You seem to be wrong on all accounts.

  • by h4rr4r (612664) on Friday July 02, 2010 @09:21PM (#32782336)

    It was not an exact copy at all. It looked similar, it performed a similar task and was designed as a response to our shuttle. It was not an exact copy, it was not parts compatible or anything like that. The Tu-4 was about as an exact Russian copy of the B-29 as was possible for them. Even that was not parts compatible in the engines an guns/mounts.

  • Re:I choose option 4 (Score:4, Informative)

    by SilverJets (131916) on Friday July 02, 2010 @10:11PM (#32782664) Homepage

    Well the cash always seems to be there for the US to go to war.

  • by RobVB (1566105) on Friday July 02, 2010 @10:56PM (#32782886)

    Actually, the Metre [wikipedia.org] was "Originally intended to be one ten-millionth of the distance from the Earth's equator to the North Pole"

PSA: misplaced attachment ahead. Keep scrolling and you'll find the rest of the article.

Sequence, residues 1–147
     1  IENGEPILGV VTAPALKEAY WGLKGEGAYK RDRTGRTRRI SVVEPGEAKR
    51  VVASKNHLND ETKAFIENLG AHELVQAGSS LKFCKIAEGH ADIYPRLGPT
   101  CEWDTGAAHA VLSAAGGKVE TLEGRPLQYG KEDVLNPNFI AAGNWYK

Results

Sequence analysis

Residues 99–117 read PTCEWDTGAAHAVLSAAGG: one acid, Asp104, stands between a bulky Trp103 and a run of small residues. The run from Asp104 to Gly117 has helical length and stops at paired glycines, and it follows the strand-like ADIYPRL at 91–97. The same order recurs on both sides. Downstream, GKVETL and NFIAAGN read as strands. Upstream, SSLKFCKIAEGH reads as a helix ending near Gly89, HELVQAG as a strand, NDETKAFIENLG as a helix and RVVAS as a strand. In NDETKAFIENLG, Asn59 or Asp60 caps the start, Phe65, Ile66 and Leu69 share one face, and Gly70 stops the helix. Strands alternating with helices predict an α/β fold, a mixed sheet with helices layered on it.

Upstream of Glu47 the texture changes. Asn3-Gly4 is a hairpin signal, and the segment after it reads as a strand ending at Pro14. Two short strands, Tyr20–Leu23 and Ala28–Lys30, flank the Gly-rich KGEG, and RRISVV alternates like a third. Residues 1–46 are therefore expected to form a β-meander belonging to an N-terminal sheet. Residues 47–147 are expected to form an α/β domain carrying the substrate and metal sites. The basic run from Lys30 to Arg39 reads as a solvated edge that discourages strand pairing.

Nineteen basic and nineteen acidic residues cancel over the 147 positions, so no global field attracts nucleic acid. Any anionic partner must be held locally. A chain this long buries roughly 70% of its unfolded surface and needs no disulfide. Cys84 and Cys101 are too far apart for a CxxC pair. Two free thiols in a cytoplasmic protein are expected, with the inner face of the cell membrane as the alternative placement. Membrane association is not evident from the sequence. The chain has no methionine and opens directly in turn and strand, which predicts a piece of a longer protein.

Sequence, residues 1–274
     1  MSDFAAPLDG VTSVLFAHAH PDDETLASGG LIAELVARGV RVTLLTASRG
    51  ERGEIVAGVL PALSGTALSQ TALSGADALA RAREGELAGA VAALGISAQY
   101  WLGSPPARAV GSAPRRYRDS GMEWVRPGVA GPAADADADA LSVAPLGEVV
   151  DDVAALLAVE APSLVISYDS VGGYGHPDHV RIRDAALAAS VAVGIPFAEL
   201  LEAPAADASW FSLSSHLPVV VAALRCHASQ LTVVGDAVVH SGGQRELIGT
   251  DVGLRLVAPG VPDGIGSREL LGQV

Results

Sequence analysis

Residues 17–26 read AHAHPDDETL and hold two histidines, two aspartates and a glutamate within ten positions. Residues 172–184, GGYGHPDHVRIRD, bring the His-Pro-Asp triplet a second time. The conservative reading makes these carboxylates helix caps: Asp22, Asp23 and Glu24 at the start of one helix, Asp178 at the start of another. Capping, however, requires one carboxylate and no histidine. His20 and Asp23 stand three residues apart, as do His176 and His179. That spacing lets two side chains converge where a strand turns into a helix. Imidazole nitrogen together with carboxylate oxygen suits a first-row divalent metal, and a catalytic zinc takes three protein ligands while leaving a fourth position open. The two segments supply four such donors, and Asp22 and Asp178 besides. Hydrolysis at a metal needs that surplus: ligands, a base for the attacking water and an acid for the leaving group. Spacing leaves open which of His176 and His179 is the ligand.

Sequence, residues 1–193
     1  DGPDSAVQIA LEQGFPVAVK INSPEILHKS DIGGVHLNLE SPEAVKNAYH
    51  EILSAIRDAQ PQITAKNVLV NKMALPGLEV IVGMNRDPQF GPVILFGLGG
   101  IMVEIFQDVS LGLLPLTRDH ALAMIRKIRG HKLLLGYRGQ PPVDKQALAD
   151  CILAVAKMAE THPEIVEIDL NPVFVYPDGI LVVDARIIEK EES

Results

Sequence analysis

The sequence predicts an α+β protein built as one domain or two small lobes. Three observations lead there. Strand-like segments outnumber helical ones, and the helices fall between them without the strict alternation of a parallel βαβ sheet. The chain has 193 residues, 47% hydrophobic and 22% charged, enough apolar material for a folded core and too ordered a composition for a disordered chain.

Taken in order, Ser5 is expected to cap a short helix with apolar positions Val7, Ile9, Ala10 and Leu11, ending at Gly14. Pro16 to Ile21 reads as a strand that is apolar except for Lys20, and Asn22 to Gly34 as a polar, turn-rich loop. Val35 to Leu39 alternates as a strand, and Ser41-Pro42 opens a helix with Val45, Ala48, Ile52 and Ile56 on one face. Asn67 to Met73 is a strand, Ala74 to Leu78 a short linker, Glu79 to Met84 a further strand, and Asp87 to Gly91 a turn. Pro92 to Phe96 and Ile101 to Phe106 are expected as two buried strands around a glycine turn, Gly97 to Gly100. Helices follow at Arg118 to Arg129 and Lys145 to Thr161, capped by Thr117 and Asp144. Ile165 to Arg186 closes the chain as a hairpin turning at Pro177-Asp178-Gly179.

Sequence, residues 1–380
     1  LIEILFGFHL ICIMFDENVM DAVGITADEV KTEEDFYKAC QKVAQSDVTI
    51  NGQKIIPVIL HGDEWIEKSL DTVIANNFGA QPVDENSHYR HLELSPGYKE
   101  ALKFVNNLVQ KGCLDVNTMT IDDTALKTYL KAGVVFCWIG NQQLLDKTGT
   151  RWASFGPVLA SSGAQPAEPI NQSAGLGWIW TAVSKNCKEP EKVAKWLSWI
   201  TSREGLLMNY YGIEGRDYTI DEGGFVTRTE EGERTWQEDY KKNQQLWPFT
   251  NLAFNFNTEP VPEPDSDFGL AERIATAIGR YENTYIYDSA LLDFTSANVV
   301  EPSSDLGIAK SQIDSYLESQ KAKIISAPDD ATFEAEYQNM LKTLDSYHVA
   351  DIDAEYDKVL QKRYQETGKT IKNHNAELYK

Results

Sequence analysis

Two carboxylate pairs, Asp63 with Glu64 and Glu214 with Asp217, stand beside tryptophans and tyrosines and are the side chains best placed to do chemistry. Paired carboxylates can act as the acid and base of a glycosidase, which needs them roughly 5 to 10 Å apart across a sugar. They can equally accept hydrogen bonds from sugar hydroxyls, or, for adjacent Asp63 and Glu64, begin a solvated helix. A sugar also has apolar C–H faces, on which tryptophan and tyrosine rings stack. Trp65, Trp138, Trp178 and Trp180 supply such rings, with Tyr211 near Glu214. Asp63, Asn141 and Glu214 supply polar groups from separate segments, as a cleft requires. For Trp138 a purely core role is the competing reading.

The gram [wikipedia.org]: Originally defined as "the absolute weight of a volume of pure water equal to the cube of the hundredth part of a metre, and at the temperature of melting ice"

    Compare this to some imperial units:

    The foot [wikipedia.org]:
    The popular belief is that the original standard was the length of a man's foot. [...] Some believe that the original measurement of the English foot was from King Henry I, who had a foot 12 inches long; he wished to standardize the unit of measurement in England.

    The acre [wikipedia.org] was approximately the amount of land tillable by one man behind an ox in one day.

    A grain [wikipedia.org] is a unit of measurement of mass that is based upon the mass of a single seed of a typical cereal.

    My conclusion: SI units are based on less arbitrary (original) definitions than imperial units. The new definitions using "speed of light, properties of atoms, etc." didn't really change their magnitudes, they just reduced the tiny variations.